Will Nirmal Khatri, the little-known newly appointed Uttar Pradesh state Congress president, be able to turn the fortunes of India's grand old party and bring it back to reckoning in the country's most politically consequential state when his more famous predecessors have failed for the last almost quarter of a century?
It would seem an uphill task, given the legacy of failures he has inherited.
The Congress has faced successive defeats at the hustings for the last 23 years in various parliamentary and assembly polls in Uttar Pradesh, that sends the largest number of MPs - 80 - to the Lok Sabha?
While optimists prefer to play safe - "let us see" being the common refrain - most feel that the political battle in the state is "lost for many years to come."
Khatri, 61, who represents Faizabad in parliament, was appointed to the post late August, replacing Rita Bahuguna Joshi, who had put in her papers after the party's poor show in the state assembly polls in March when it won just 28 seats - only six more than in 2012. Khatri assumed office on Tuesday.
Poring through the track record of the past state presidents of the Uttar Pradesh Congress Committee (UPCC) too offers little hope of resurrection. Party loyalists blame the "continuance of bad luck" on poor selections made by the party high command.
"Never have they chosen a grass root worker; the appointment of state presidents has been largely a matter of loyalty to the leader rather than about ability to take along the worker," a disappointed Congressman, who says he has dedicated his prime to the party, confided to IANS, not wishing to be identified.
Since the party was swept out of power in the wake of 'Mandal-kamandal' politics in 1989, the party has seen a dozen state unit presidents.
But while most have ended up being union ministers and governors, the party's poor run in Uttar Pradesh is yet to come to an end. And so it is not surprising that a party which ruled the state till 1989 slipped to become the main opposition and then sank to the fourth position in the state.
When the Congress came into the opposition, Balram Singh Yadav (1988-89) - a leader from the prominent Yadav belt of Etawah-Mainpuri and a known 'foe' of Samajwadi Party (SP) chief Mulayam Singh Yadav - was handed over the reigns of the Congress hoping to keep "itself in the race of Mandal politics."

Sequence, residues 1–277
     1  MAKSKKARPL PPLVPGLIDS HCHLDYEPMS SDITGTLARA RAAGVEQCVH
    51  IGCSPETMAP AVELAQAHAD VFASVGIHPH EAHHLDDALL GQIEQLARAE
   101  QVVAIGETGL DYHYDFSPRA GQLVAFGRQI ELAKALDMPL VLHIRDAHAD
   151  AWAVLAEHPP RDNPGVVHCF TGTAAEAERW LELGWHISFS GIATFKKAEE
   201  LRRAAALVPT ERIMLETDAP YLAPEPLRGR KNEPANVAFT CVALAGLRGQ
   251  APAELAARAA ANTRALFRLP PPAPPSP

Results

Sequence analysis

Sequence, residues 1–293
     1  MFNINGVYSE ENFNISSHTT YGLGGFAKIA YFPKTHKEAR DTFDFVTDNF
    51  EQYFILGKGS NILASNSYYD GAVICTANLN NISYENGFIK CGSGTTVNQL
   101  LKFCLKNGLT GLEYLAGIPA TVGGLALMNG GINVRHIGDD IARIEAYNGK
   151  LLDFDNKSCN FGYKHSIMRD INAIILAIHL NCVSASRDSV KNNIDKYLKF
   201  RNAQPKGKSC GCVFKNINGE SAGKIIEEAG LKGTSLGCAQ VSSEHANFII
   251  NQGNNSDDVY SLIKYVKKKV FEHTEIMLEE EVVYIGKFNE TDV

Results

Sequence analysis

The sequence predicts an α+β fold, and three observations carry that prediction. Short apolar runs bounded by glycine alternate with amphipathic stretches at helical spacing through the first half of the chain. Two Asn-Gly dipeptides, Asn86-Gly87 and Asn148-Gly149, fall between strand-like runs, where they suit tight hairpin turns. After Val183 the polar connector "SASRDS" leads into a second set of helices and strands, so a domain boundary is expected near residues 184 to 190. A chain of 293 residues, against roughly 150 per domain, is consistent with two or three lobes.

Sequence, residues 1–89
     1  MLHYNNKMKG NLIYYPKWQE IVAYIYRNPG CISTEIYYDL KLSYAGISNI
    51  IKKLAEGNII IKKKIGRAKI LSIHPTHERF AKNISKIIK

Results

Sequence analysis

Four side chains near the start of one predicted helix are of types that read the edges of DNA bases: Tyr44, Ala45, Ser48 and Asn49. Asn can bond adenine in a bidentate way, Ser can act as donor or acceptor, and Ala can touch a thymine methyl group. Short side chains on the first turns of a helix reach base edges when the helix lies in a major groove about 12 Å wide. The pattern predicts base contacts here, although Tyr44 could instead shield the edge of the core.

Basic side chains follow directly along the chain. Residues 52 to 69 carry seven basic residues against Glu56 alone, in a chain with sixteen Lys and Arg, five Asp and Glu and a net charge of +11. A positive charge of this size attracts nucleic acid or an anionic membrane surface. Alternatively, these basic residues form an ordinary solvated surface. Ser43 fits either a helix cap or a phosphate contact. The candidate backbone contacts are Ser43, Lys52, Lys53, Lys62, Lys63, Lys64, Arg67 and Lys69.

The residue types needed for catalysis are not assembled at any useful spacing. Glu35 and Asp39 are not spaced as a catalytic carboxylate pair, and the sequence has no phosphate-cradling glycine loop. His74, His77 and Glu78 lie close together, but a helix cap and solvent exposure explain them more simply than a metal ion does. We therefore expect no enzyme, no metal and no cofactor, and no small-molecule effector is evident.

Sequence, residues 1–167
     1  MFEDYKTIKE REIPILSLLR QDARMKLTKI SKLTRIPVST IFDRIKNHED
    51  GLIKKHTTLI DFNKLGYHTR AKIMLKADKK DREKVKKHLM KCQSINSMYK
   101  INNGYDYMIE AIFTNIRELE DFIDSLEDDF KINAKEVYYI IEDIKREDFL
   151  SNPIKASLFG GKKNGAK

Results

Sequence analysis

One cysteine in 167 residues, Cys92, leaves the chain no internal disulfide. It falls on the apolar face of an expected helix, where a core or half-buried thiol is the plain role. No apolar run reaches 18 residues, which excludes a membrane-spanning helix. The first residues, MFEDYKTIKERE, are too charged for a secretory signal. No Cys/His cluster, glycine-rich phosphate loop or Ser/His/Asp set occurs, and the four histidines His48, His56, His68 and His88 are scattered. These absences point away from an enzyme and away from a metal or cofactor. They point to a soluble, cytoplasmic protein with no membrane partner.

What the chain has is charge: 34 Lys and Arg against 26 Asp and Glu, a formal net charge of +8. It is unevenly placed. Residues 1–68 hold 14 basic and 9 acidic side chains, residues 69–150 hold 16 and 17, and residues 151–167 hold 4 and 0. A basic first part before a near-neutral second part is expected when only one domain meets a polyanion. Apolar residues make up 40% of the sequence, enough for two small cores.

This, however, did not happen and the party organization crumbled in the face of caste politics. Yadav went on to become a union minister.
The late Mahabir Prasad, who twice headed the state Congress (1984-1988 and 1991-1992), also could not create any ripples. The party did not improve but he later had many stints as a union minister and also as governor of Haryana and Himachal Pradesh.
Narayan Dutt Tiwari, now contesting a paternity test case, led the state Congress in 1994-1995 and 1997-1998 but he too failed miserably.
With the Brahmin card failing miserably, Tiwari was eased out after the creation of Uttarakhand and made chief minister of the hill state. He later became the Andhra Pradesh governor.
Salman Khurshid succeeded him (1998-2000) and was made state unit head again in 2004-2007, but he too failed to whip up the party morale. He ended up being the union minister. Sri Prakash Jaiswal's (2000-2002) stint too had nothing to write home about as for the party fortunes.
The MP from Kanpur however went on to become minister of state for home affairs and later a cabinet minister. He is currently the union coal minister - and in the middle of a blazing row over the allocation of coal blocks.
The Congress's dalliance with other leaders too has ended up in a disaster. Jagdambika Pal (2003-2004), now an MP, could not even win his legislative seat in 2007 when Mayawati swept to power. The latest in the long list of state presidents was Rita Bahuguna Joshi.
President during 2007-2012 - the maximum for any state president in the last two decades - Joshi no doubt succeeded in raising the tempo, but when it came to winning seats the party failed miserably yet again. Joshi however won from Lucknow (Cantt) and is now a legislator.
Observers feel the party needs more than a face (Rahul Gandhi) and frequent changes in the leadership. "The issue of importance for the Congress in the state is rebuilding the party organizational structure; till we do not indulge in that, nothing happens, 2014 will be a sad scene," a senior Congress leader said resignedly.
(Mohit Dubey can be contacted at email@example.com)